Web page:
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Surface Navy 2022: Detection Plus

Teledyne FLIR Responds to Dynamic Requirements

The US Navy and US Coast Guard are broadening their requirements for maritime surveillance systems. By integrating artificial intelligence (AI) and other enablers, platforms gain better return on investment, including reduced sensor operator interface actions and expanding sensor package capabilities. Mark Garland, Product Manager – Land and Maritime Gimbal Systems at Teledyne FLIR, provided some insight into these dynamic developments.

For example, the company has enhanced its Sea FLIR-280 HDEP maritime surveillance system to support small- to medium-class manned and unmanned vessels. “We see this as a major growth area. To meet that growing need, we’ve focused our technology investments on integrating AI to support Aided Target Recognition (AiTR), plus improved sensor and range performance, and enhanced control electronics,” Garland commented.

SeaFLIR 280-HDEP was said to be the first maritime gimbal in its class to leverage edge processing to provide low-latency AI capabilities that enhance detection of objects of interest. “For Navy and Coast Guard operators, this means reduced cognitive workload and greater situational awareness, which is especially important with the shift toward expeditionary naval deployments with expansive areas of open water to surveil,” he explained, going on to comment on the customers’ expanding mission sets to be supported. Designed for full-time, all-weather maritime duty, the SeaFLIR 280-HDEP provides long-range target detection, identification, and tracking for a broad range of mission support, such as: ISR; maritime SAR; interdiction; covert operations; EEZ constabulary; and disaster recovery. Two key improvements to the 280-HDEP technology baseline include: fibre optic cabling between the Turret FLIR Unit and Control Electronics Unit to achieve distances between Line Replaceable Units (LRU) up to 300m without the need for a third LRU; and FLIR’s patented Medium Wave Infrared (MWIR) Integrated Dewar Cooler Assembly, which boasts a mean time between failures of more than 10,000 hours and a linear cooler design for improved reliability.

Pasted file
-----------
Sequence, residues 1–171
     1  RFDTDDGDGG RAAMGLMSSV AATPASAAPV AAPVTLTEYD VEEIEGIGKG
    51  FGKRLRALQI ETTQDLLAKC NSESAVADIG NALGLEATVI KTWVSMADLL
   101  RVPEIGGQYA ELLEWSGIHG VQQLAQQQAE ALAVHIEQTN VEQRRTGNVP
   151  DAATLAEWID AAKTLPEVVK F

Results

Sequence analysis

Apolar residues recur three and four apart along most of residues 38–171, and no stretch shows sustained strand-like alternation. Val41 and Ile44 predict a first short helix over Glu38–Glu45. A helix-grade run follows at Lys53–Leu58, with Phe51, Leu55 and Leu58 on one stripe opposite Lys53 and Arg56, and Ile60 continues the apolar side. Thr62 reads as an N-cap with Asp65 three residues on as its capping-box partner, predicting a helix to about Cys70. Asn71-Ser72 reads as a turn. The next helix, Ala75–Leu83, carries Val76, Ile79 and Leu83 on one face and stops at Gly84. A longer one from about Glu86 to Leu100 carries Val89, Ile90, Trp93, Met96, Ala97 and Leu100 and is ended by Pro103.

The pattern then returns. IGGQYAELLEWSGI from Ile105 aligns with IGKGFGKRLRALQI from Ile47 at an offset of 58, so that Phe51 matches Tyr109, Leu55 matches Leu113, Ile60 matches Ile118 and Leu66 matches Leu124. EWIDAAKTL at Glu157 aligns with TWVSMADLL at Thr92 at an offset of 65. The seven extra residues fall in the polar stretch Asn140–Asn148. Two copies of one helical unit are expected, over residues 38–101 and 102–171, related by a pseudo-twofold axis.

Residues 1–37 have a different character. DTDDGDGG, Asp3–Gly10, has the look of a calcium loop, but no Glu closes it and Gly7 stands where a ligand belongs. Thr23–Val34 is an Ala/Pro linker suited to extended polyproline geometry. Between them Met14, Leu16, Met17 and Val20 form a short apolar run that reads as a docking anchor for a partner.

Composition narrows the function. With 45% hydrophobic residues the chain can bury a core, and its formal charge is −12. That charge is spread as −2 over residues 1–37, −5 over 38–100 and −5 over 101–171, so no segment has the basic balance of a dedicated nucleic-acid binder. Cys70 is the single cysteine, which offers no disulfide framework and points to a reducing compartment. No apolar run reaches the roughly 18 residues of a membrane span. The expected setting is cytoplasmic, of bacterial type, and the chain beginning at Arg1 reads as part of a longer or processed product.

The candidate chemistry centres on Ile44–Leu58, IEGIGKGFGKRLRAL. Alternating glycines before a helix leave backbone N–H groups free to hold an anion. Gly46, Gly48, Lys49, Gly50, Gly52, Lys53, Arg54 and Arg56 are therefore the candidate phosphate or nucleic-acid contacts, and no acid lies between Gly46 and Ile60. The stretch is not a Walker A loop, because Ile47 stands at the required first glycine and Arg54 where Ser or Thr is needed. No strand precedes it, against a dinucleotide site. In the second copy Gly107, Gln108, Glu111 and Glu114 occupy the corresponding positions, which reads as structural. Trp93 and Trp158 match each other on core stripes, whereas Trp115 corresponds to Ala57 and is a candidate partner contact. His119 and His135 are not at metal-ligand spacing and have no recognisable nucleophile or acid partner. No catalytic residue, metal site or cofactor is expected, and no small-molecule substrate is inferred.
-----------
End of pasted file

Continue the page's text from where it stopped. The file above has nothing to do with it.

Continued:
Maritime services should be alert to Teledyne FLIR’s development of a new 40lb gimbal with enhanced capabilities, which it expects to launch later this spring. “The forthcoming sensor features a brand-new fourth-generation system architecture and will leverage a number of technology enhancements, such as the ability to support AiTR via FLIR’s neural network target classifier, along with multi-sensor capabilities, including HD MWIR thermal, HD visual, as well as eye-safe Laser Range Finder and Laser Pointer options,” Garland revealed.

The Naval Surface Warfare Center recently awarded the company a significant contract to provide replacement parts and technical support for several land- and sea-based systems used for ISR missions by the USN and USCG, including the BRITE Star II, the Sea Star SAFIRE III, and the Star SAFIRE 380-HD. “The Star SAFIRE and BRITE Star family of systems are fully hardened for military fixed-wing and helicopter operations, and include an MWIR thermal imager, low-light cameras, and multiple laser payload options,” Garland concluded.

Marty Kauchak reporting from Arlington, VA for MON

The Star SAFIRE sensors (380-HD illustrated) have been developed as fully hardened articles for both fixed- and rotary-wing applications. (Photo: Teledyne FLIR)

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